216 days of COVID-19 lockdown in Zimbabwe, the Ministry of Health and Child Care reported that, as of 30 October 2020, the total number of COVID-19 cases increased to 8 362 after 13 new cases were reported. Active cases went down to 236. A total of 20 new recoveries were recorded; therefore, the total number of recoveries stands at 7 884. The death toll stands at 242.
As the first week of resumption of education classes for non-examination grades went past this week, we reflect on a week of chaos for learners and parents alike. We take note of the widespread reports of adolescent girls and boys, who are left unattended, as they are faced with limited to zero teaching staff in schools, due to the incapacitation of teachers.
We raise the fact that the circumstances, as they are, constitute a direct undue burden on young girls, as they face the brunt of social and cultural consequences of adolescent behaviour in unsupervised environments.
We raise concern at the persisting reports stigmatising young girls who are “outted” undertaking in “bad behaviour” online and on digital spaces yet young boys in the same or similar acts are not subjected to the same levels of public scorn and humiliation.
- We urge our leadership in communities and public spaces to desist from mass sharing of such digital content as they constitute and sustain on-going and unending victimisation of students and young girls particularly.
- We urge the Government of Zimbabwe to provide resourced, supported and coordinated free national hotlines for young people to find easy access to mental health care support to avoid social and mental health challenges faced by adolescents in distress.
Critical Emerging Issue
Live shows with large physical audiences in the artistic community
As we once again enter a weekend, particularly a month end weekend which is a pay day weekend, we continue to highlight the reports of artistes holding live shows with physical audiences, which in itself is a contravention of COVID-19 regulations.
Whilst we note, and highlight the incredible difficulties faced by the artistic community of Zimbabwe as a result of the lockdown restrictions and regulations that bar live performance shows which drive the lives and livelihoods of the sector, we raise alarm at the increased holding of live shows which have the potential to be super spreader events. In the same breath, we note the reports of the widespread occurrence of popular liquor nightspots, weekend gigs and other popular venues hosting live music shows around the country, without adherence to COVID-19 measures.
We note the consistent and persistent rise in COVID-19 cases over the 25 days and note with concern that the mass resumption of sectors, without enforcement of COVID-19 regulations, is leading Zimbabwe up the curve of the COVID-19 contraction of new cases. It is against this background that we acknowledge the statements of the Zimbabwe Republic Police on the need to strictly enforce COVID-19 regulations.
- We therefore call for increased awareness and publication of simplified rules on COVID-19 regulations.
- We call for the expedition of real-time support to the artistic sector through both the resilience funds and the vulnerability support to ensure that the fragile arts sector receives real ameliorative support in the context of the on-going ban on their socio-economic engagements.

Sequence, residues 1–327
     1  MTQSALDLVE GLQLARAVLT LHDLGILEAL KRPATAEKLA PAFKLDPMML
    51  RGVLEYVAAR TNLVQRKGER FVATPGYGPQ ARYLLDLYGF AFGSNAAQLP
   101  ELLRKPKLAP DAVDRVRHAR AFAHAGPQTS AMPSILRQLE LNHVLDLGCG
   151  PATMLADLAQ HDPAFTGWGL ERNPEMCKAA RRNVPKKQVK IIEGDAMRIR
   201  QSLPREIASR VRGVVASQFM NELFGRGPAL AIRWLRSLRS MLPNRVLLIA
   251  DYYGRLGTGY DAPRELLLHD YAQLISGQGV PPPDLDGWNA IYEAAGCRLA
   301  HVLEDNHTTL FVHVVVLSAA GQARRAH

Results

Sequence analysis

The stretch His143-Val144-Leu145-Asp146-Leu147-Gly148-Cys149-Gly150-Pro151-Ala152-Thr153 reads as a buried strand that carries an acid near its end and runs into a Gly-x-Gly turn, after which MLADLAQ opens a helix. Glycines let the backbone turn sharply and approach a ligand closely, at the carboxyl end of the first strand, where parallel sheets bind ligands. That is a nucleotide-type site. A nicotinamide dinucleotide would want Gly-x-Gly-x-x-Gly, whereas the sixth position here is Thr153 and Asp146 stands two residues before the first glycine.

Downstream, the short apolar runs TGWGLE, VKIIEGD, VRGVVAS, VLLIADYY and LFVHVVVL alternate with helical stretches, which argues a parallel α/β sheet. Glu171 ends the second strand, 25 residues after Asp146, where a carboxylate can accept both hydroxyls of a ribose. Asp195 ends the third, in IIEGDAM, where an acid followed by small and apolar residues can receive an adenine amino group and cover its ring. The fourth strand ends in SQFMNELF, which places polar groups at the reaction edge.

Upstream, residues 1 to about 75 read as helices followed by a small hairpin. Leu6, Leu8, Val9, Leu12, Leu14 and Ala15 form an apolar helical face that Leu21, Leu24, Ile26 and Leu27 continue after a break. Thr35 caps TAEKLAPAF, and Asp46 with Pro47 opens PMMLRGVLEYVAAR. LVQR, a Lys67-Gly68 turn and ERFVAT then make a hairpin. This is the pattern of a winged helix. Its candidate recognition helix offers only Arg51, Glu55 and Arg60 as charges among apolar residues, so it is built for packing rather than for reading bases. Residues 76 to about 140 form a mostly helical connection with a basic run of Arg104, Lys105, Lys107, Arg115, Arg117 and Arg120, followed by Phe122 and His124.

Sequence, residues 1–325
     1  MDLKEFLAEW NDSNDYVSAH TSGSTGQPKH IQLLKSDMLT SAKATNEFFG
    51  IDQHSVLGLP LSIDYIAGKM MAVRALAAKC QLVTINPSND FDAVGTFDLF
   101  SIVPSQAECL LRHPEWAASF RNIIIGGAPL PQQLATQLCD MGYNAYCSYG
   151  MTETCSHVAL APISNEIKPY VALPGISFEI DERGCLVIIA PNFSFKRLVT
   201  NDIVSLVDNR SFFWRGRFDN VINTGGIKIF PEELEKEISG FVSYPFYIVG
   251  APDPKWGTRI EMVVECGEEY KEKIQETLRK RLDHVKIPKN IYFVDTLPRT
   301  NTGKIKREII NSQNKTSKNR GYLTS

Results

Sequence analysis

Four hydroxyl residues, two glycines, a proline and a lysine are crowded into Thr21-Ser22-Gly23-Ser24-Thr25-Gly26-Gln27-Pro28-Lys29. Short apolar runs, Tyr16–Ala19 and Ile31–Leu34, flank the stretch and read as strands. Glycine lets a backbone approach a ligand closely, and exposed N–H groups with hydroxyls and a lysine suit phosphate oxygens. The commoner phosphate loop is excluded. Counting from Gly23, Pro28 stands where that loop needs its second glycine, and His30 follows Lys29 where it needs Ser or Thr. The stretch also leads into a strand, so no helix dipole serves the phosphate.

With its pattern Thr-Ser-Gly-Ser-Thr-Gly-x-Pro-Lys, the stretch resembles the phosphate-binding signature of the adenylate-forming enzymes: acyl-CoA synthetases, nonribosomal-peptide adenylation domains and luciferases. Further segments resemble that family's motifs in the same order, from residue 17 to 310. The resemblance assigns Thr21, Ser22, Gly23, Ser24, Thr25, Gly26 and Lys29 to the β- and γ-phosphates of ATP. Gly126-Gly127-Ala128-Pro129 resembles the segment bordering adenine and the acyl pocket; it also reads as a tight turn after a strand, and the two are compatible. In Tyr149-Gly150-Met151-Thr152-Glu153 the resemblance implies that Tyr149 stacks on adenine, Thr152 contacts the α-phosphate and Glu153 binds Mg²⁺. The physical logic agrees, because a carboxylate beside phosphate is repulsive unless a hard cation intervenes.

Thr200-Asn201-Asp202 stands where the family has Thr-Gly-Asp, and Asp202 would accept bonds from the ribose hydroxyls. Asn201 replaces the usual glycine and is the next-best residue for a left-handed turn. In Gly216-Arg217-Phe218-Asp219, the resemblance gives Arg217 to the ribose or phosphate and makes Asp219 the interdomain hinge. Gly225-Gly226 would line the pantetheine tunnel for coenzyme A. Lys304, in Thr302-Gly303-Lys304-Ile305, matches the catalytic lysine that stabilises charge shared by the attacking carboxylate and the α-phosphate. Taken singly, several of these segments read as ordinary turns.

Enjoyment of the constitutional right to access clean and potable water
We raise alarm over the ongoing water crisis which negates the fundamental human right to access clean and potable water. As growing evidence reveals that women have continued to bear the brunt of the water shortages, the correlation between water and gender can no longer be denied. Recent distressing reports have shown that women and girls in areas such as Mabvuku and Tafara have become vulnerable to sexual harassment by some water-bowser suppliers of water. WCoZ thus submits that an unresolved water crisis will continue to pose serious implications on women and girls, thereby inherently giving birth to an unresolved gender equality crisis. The basis of this argument has been corroborated in the current context of Zimbabwe, where water shortages have negatively impacted women in the following ways:
- Risk of sexual harassment and violence against women while fetching water from undesignated sources.
- Increased burden of unpaid care-work as women have to constantly travel long distances in search of water for washing of clothes, food preparation and household hygiene.
- Poor sanitation and hygiene, particularly for women and girls during their menstrual cycle.
- Nursing mothers require more water than anyone else: According to the WHO studies, the basic requirement for a lactating woman engaged in even moderate physical activity is 2.5 litres a day.
- Lack of privacy.
We therefore recommend the following:
- Long term comprehensive measures to address the water situation.
- The ZHRC to closely monitor and investigate the status of the right to water viz-a-viz, the water crisis currently developing in the country.
- The Government working with other relevant stakeholders to ensure that the overall national sanitation and framework is gender-sensitive.
- The rapid adoption of legal reforms to strengthen the sexual harassment legal framework in Zimbabwe.
Source: Women’s Coalition of Zimbabwe